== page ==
Where deterministic sensitivity analyses were published, the outcomes were reviewed in light of the specified parameters of the Irish reference case. Discount rates, when included, were not found to be important drivers of the ICER in any of the CEAs [35, 38, 47]. Time horizon was an important driver of the ICER in three studies [35, 37, 42]. In two of these studies, the time horizons used were significantly shorter than the recommended lifetime horizon of the Irish reference case, which could potentially limit the transferability of the outcomes to the Irish context [35, 42]. In both cases, the decision was unlikely to change with an increase in the time horizon. Health state costs were important in four studies in determining the ICER [35, 37, 38, 41], but would only have changed the decision in one study when varied to the upper limit in the deterministic sensitivity analysis [41]. Utility was an important determinant of the ICER in seven of the included studies, but only in two of those would it be likely to change the decision based on the tornado plots provided in the published manuscript [45, 48].

None of the identified CEAs were entirely generically transferable to the Irish setting, as no model was fully aligned with the Irish reference case. Alignment with the reference case was most commonly seen for perspective, treatment of indirect costs and the technological context. Disagreement was most commonly seen for the discount rate (n = 12). It was considered highly likely that the results would change or be irrelevant if transferred to the Irish setting for five of the CEAs, two of which did not provide a cost per QALY outcome, and three of which used mark-down prices to estimate the ICER. The remaining studies (n = 10) were included in the consideration of specific transferability.

Transferability of Conclusions in Accordance with Cost-Effectiveness Threshold

For the assessment of specific transferability, incremental costs, QALYs and cost-effectiveness thresholds were extracted from the included CEAs (n = 10) (Table 3). Twenty-five pairwise comparisons were considered from these studies. The NMB was calculated at the cost-effectiveness thresholds specified in the published studies, which varied from US$35,000 to US$200,000 per QALY (Table 3). Of the 25 comparisons, nine had a positive NMB at the cost-effectiveness threshold specified in the published study (36%) (Table 3), indicating that they were cost effective at the study threshold, and 16 (64%) had a negative NMB, indicating that they were not considered to be cost effective.

Table 3 Net monetary benefit at study cost-effectiveness threshold and Irish cost-effectiveness threshold

Secondly, the NMB for these pairwise comparisons was recalculated using the Irish cost-effectiveness thresholds. When the higher Irish threshold (US$60,000 per QALY) was applied to the calculation of NMB, only four comparisons estimated a positive NMB (16%), a reduction of 20% compared with using the CEA-specific threshold (Table 3). Using the lower Irish threshold (US$26,667 per QALY), only three comparisons (12%) retained a positive NMB.

Data on incremental costs and QALYs for the pairwise comparisons were extracted from the published NCPE summary HTA reports and converted to US dollars (Table 4). The NCPE had not evaluated six of the pairwise comparisons for the Irish drug reimbursement process (mainly comparisons of the newest agents versus chemotherapy, and unlicensed regimens). Of the 19 pairwise comparisons that could be compared with the identified CEAs, in 14 (73.7%) instances the NCPE conclusion based on the ICER was in agreement with the study conclusions, and five were in disagreement (26.3%).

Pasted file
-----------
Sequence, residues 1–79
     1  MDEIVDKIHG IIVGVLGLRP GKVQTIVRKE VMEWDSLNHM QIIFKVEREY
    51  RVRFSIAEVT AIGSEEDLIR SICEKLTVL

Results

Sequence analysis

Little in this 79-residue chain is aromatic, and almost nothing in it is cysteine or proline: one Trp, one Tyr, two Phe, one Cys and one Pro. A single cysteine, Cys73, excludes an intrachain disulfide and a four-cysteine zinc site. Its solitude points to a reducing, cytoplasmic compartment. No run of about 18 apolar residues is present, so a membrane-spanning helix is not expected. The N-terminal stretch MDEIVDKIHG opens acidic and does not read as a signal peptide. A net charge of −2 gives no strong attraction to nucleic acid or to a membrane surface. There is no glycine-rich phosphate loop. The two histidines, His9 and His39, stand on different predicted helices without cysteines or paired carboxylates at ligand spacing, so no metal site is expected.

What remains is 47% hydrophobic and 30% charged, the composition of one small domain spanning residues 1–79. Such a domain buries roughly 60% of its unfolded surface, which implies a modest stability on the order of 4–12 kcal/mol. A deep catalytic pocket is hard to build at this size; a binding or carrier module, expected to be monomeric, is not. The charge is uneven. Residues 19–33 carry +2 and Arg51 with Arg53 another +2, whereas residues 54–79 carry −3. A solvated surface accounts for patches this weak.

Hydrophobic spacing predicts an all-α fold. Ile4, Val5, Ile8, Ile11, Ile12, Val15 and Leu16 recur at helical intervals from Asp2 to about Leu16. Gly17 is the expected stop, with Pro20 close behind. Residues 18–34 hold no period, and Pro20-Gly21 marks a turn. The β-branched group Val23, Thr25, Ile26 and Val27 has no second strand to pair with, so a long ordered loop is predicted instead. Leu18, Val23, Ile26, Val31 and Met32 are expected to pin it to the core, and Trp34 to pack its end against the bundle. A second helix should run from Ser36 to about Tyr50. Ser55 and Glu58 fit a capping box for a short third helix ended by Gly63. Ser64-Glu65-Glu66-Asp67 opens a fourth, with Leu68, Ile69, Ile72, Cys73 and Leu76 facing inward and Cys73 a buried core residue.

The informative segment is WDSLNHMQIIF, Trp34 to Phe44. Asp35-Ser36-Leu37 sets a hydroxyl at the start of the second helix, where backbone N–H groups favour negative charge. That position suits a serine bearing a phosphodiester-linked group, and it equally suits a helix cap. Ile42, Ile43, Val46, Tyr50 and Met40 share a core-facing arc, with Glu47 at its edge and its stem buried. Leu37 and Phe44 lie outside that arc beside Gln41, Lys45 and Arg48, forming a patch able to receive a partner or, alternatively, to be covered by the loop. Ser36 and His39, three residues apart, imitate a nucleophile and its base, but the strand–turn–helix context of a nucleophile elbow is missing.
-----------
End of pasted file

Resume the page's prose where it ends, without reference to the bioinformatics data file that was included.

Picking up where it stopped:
Table 4 Extracted outcomes from NCPE summary HTA reports

When the study NMB for each pairwise comparison was re-estimated at the higher Irish threshold, 17 of 19 (89.5%) pairwise comparisons were in agreement with the NCPE conclusions based on the ICER. In the five comparisons where the conclusions changed from positive at the CEA-specific threshold to negative at the Irish threshold, three changed to be in agreement with the NCPE conclusions, whilst two that had previously agreed with the NCPE were now different [41, 47].

When the study NMB for each pairwise comparison was re-estimated using the lower Irish threshold, only three comparisons (12%) retained a positive NMB. The single additional study that changed conclusion at this threshold compared with the higher Irish threshold shifted to be in agreement with the NCPE conclusion, resulting in a total of 18 out of 19 comparisons (95%) being in agreement with the NCPE conclusions.

Discussion

Decision analytic models evaluating the cost effectiveness of treatments for advanced melanoma have been reviewed for their transferability to the Irish setting. The models varied in the structural assumptions underpinning the model outputs and conclusions, in terms of the perspective, model type, time horizon adopted, preferences and discount rate applied.

Assessment of transferability was difficult due to poor quality reporting [21]. Unsurprisingly, none of the identified CEAs demonstrated complete generic transferability to the Irish setting as none were aligned with the national reference case for CEA. Alignment with the reference case was most commonly seen for perspective, treatment of indirect costs and the technological context. Disagreement was most commonly seen for the discount rate (n = 12). The potential impact on study conclusion of differences from the Irish reference case was not always easy to predict. The parameters considered most likely to cause variation include the discount rate, time horizon and relative costs. However, close examination of the deterministic sensitivity analyses in the published CEAs suggested that variations in most of these parameters would rarely have changed the decision at the cost-effectiveness threshold employed in the CEA. Of the 15 identified CEAs, five were excluded from the assessment of specific transferability as they were deemed inapplicable to the Irish context; two did not contain a cost per QALY outcome and three used mark-down prices.